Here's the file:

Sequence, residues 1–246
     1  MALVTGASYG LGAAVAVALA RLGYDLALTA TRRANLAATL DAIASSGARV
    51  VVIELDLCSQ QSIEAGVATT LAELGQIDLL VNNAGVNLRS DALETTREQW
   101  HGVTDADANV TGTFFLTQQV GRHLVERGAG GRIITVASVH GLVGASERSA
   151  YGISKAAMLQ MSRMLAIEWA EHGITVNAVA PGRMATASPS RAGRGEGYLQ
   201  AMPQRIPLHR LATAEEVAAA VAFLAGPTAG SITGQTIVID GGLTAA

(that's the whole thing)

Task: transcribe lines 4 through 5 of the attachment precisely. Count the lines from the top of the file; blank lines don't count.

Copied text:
   101  HGVTDADANV TGTFFLTQQV GRHLVERGAG GRIITVASVH GLVGASERSA
   151  YGISKAAMLQ MSRMLAIEWA EHGITVNAVA PGRMATASPS RAGRGEGYLQ